Sian Beilock, Ph.D.

Sian Beilock Ph.D.


Your Body Knows Its Mind

Viewing the mind and body as connected has health benefits

Posted Jan 07, 2015

It’s January, which means that lots of us are making new year’s resolutions to improve our eating and increase our healthy behavior—vowing to do things differently than we have in the past. But, just trying to talk ourselves into a healthier lifestyle tends not to work. There is a fix that might surprise you, however: Changing how you think about the relationship between your mind and body can go a long way towards helping you curb unhealthy habits.

For centuries, the view that the mind and body are largely separate entities has reigned supreme. Take philosopher René Descartes, who claimed that there was a great divide between the mind and the body, that the mind was made up of an entirely different substance than the body. This dualist viewpoint—that our body is irrelevant to understanding how we think, learn, and feel—is still widely accepted today. Indeed, most popular psychology and neuroscience books completely overlook the formative role that our body plays in shaping our mind. But, it turns out that endorsing a gulf between mind and body may be bad for your health. When you think of your body as a mere “shell,” you tend to be less healthy. With this perspective, there is little need to take proper care of your body.

A few years ago, a group of researchers at the University of Cologne set out to examine how our thinking about mind and body affects health. In an initial study, people either read scientific text that promoted the idea of mind-body dualism – the idea that “a person’s mind and body are two distinct entities” or, instead, text promoting the idea that "a person’s mind and body are both rooted in the same physical substances.” Next, people filled out a questionnaire about common health-related behaviors they engaged in. For example, they rated how often they "limit the amount of fat (they) eat” or "regularly go to the gym.” Sure enough, folks primed to think about the mind and body as separate reported less engagement in health-related behaviors. It seems as if thinking about the body as a shell, makes taking care of it less important.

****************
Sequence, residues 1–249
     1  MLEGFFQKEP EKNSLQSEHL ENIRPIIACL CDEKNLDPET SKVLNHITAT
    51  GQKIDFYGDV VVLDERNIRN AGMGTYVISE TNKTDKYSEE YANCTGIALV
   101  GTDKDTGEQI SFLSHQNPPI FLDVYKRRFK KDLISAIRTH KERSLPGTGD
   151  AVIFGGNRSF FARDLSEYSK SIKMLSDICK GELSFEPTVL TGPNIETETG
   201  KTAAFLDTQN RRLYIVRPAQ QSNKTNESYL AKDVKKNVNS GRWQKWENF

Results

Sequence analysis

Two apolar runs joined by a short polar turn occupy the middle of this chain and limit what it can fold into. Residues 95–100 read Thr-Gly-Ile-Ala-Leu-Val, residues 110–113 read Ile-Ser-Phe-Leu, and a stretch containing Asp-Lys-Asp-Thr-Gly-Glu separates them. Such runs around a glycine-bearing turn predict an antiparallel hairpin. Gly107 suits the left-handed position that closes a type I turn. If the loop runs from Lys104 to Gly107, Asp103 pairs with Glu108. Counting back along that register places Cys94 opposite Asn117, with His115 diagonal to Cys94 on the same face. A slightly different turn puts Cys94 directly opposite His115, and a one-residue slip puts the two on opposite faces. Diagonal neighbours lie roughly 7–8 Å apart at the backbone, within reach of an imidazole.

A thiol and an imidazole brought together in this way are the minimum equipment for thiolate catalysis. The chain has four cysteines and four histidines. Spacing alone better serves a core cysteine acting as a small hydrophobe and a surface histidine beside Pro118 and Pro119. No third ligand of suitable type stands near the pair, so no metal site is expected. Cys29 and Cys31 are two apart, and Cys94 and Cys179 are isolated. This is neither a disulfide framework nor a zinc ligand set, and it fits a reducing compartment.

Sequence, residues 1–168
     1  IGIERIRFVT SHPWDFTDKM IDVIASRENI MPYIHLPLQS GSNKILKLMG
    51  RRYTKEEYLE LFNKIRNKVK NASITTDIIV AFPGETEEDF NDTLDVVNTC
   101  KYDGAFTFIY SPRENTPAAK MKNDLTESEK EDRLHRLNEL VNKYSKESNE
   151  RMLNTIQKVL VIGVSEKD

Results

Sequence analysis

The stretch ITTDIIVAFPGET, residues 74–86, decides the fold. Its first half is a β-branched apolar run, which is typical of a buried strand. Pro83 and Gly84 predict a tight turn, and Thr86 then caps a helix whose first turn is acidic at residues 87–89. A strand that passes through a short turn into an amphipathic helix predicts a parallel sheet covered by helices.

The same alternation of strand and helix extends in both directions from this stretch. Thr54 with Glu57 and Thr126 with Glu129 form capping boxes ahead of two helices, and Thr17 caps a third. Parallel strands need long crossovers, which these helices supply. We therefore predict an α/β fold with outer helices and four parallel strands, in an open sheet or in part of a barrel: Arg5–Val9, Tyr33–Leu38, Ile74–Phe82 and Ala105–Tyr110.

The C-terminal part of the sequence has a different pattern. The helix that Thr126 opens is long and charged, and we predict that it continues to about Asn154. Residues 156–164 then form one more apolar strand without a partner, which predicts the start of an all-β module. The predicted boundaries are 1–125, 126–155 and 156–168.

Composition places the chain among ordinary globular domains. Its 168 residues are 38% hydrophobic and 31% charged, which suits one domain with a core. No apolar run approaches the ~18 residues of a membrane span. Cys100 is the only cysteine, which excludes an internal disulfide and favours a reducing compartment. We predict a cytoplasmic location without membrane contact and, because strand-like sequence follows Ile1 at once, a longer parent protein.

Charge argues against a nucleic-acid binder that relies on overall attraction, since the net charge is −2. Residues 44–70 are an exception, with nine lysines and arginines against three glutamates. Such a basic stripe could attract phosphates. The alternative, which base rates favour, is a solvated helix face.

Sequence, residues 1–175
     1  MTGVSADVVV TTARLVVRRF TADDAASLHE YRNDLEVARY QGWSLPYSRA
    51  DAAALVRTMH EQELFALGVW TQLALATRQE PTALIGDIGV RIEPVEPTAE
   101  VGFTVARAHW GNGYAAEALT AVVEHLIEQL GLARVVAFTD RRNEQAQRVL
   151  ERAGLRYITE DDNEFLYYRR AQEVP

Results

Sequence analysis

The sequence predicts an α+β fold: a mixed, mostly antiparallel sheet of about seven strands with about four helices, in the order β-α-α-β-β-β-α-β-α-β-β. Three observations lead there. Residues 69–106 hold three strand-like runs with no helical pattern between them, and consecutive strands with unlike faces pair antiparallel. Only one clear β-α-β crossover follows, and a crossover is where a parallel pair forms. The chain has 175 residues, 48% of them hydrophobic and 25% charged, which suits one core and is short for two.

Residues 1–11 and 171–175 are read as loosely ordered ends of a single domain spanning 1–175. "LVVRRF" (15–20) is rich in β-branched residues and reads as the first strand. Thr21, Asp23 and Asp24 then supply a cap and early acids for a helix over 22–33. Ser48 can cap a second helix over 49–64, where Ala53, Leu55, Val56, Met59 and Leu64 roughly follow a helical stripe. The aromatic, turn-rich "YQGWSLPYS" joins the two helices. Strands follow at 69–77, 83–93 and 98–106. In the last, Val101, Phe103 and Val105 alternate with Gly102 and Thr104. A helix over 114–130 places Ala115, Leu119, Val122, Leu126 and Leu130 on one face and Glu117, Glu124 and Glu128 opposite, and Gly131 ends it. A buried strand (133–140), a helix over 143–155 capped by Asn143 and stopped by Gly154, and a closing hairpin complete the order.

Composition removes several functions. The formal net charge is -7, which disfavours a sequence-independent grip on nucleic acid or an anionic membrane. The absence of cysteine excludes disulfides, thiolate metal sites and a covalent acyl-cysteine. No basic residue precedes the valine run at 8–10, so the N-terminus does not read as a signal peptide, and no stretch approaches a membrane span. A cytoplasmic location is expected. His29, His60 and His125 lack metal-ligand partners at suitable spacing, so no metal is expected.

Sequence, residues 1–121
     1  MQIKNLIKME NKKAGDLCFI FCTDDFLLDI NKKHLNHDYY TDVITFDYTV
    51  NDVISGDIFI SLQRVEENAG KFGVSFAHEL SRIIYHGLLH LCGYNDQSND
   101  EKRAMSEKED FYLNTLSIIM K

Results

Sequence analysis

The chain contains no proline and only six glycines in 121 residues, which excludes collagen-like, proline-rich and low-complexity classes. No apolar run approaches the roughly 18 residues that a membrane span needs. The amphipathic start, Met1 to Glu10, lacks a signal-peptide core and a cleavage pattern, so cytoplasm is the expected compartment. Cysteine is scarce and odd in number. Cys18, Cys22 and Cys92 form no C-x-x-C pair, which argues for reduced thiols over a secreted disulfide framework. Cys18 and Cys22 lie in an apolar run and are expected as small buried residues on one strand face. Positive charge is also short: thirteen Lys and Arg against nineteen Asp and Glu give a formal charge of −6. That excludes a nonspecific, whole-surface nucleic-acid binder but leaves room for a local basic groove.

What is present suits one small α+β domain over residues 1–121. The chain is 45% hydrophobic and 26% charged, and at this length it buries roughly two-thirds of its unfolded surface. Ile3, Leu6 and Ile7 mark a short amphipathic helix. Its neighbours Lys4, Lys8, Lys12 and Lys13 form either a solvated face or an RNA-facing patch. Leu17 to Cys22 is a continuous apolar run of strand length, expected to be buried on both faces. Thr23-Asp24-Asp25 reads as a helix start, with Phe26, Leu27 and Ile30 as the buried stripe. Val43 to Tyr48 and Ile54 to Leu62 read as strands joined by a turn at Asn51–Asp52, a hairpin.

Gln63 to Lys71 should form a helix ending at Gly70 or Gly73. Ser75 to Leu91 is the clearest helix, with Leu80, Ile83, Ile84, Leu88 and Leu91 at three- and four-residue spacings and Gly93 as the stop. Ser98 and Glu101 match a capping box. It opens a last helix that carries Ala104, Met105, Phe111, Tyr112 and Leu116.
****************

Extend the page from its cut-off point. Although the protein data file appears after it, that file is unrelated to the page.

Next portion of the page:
Of course, self-reports on a questionnaire about healthy behavior are one thing, but does thinking about the mind and body as separate vs. connected actually affect behavior? To find out, researchers conducted another study. This time, after having people read text about mind-body dualism or mind-body connectedness, they offered folks a cookbook to take home as compensation for study participation. Here's the catch, some of the cookbooks were for unhealthy food; while others focused on healthy options. The researchers reasoned that, if people who learn about the mind and body as connected are interested in being healthier, then they should be more likely to choose the cookbook with healthy options in it - exactly what they found. In a final study, after being prompted to think about the connections between mind and body, people actually ate more healthy meals.

The take home? The health of your mind is profoundly linked to that of your body. Knowing this, you’ll make healthier choices in your life about what to eat, when to sleep, and how to behave. When you appreciate the power of the body in changing the mind, you function better.

For more on the relation between body and mind, check out my new book, How The Body Knows It’s Mind

You can also check out my book about success under stress: Choke

Follow me on Twitter.


Forstmann, M., et al. (2012) “The mind is willing, but the flesh is weak”: The effects of mind-body dualism on health behavior, Psychological Science 23, 1239–45.